Washington Shows France Some Amour

Nearly two years after a rift over the pending Iraq war prompted Americans to munch on "freedom fries" (search) and boycott products made by the "Axis of Weasels," Washington is embracing all things French.

Tourism officials heralded a "Paris on the Potomac" (search) campaign this week, a celebration of French music, culture and food that the District of Columbia hopes will draw both French and American tourists to the nation's capital this spring.

As for any lingering anger over the Iraq war, Washington tourism officials say it is time for rapprochement with America's longtime European ally.

"This is an opportunity for us in our own way in the travel and tourism ... and arts and culture economy to reach out to a longstanding friend, forget about politics and go back to good friendships," one tourism official told FOX News.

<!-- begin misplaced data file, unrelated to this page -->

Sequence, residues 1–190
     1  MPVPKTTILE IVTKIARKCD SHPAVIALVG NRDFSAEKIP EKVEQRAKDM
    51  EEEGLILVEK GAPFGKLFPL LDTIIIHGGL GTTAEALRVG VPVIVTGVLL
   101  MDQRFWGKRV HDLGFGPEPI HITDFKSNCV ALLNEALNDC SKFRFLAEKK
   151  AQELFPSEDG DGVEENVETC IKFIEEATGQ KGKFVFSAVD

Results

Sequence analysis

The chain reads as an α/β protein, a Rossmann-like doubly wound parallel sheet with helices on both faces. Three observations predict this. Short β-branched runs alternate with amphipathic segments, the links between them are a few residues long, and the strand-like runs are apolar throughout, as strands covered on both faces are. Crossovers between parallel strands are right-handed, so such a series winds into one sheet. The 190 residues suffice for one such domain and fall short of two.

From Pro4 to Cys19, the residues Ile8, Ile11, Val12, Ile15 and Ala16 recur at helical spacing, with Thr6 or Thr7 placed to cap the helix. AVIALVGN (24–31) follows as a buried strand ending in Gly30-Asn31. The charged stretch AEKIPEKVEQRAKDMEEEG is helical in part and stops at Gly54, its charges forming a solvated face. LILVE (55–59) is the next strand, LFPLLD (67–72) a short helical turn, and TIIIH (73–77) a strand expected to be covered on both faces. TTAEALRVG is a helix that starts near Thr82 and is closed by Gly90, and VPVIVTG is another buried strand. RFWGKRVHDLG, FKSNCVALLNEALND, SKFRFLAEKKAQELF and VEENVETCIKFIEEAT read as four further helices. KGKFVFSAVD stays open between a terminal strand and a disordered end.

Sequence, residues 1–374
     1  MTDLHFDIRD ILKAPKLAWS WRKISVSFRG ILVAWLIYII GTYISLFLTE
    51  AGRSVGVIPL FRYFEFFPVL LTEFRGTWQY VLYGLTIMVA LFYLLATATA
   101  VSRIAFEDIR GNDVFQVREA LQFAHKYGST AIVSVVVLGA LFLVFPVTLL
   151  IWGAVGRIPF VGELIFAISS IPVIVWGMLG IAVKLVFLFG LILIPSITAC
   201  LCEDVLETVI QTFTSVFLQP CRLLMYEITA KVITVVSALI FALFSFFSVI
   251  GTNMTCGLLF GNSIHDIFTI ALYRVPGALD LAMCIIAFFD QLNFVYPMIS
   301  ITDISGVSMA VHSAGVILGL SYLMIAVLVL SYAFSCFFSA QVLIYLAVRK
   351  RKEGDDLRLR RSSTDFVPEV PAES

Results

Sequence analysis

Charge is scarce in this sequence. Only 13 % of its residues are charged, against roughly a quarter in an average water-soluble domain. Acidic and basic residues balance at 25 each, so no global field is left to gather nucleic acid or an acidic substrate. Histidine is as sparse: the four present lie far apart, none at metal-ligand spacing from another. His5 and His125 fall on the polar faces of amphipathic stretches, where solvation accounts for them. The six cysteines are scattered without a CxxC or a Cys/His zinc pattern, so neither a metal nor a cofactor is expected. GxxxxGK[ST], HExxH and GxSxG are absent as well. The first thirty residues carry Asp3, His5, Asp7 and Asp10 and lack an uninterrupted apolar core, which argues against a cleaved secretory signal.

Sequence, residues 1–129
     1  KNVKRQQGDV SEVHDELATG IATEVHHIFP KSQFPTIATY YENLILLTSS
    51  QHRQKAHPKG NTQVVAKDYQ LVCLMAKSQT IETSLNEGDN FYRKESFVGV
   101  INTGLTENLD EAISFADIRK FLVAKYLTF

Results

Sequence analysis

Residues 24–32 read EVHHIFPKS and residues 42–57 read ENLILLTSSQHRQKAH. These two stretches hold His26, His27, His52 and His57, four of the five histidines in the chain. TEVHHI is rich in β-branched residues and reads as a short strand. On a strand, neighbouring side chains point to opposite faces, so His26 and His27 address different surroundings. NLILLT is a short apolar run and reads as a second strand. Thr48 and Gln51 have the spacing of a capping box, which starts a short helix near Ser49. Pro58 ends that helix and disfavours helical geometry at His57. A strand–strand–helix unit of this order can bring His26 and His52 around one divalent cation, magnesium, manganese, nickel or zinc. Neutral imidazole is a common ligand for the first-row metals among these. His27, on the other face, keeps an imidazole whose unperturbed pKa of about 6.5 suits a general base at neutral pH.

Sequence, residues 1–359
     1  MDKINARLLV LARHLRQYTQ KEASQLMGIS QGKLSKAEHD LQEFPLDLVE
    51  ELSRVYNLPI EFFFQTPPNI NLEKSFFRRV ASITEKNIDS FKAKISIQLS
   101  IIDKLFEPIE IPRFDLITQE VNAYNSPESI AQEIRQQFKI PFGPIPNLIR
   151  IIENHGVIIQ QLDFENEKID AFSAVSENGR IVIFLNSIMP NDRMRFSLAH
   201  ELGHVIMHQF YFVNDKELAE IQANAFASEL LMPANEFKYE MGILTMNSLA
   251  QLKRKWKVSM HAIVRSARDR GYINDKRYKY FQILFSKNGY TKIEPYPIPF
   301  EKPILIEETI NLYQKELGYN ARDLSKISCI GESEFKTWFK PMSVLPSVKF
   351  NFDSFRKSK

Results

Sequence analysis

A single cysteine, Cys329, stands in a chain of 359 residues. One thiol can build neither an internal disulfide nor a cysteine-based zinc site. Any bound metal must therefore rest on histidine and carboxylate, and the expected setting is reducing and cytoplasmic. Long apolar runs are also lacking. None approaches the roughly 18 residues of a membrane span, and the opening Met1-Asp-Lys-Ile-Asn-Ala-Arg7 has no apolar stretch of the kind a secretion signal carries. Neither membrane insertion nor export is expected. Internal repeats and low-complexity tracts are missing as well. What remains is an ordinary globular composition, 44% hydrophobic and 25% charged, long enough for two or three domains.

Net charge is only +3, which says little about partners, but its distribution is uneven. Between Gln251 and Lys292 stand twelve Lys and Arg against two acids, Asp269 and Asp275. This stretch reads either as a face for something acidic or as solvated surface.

But not all French feel ready to kiss and make up with Americans. Diplomat Denis Pietton (search) refused to talk to FOX News at the press conference announcing "Paris on the Potomac."

Landmarks around Washington show the nation's capital owes a lot to the French. A statue of General Lafayette — a Frenchman who at 17 decided to fight for the colonists during the revolution and who became a major general in George Washington's army — sits on a square named after him that is directly across from the White House. And the entire city of Washington was designed by a French architect by the name of Pierre L'Enfant.

Click on the video box at the top of this story to watch a complete report by FOX News' Brian Wilson.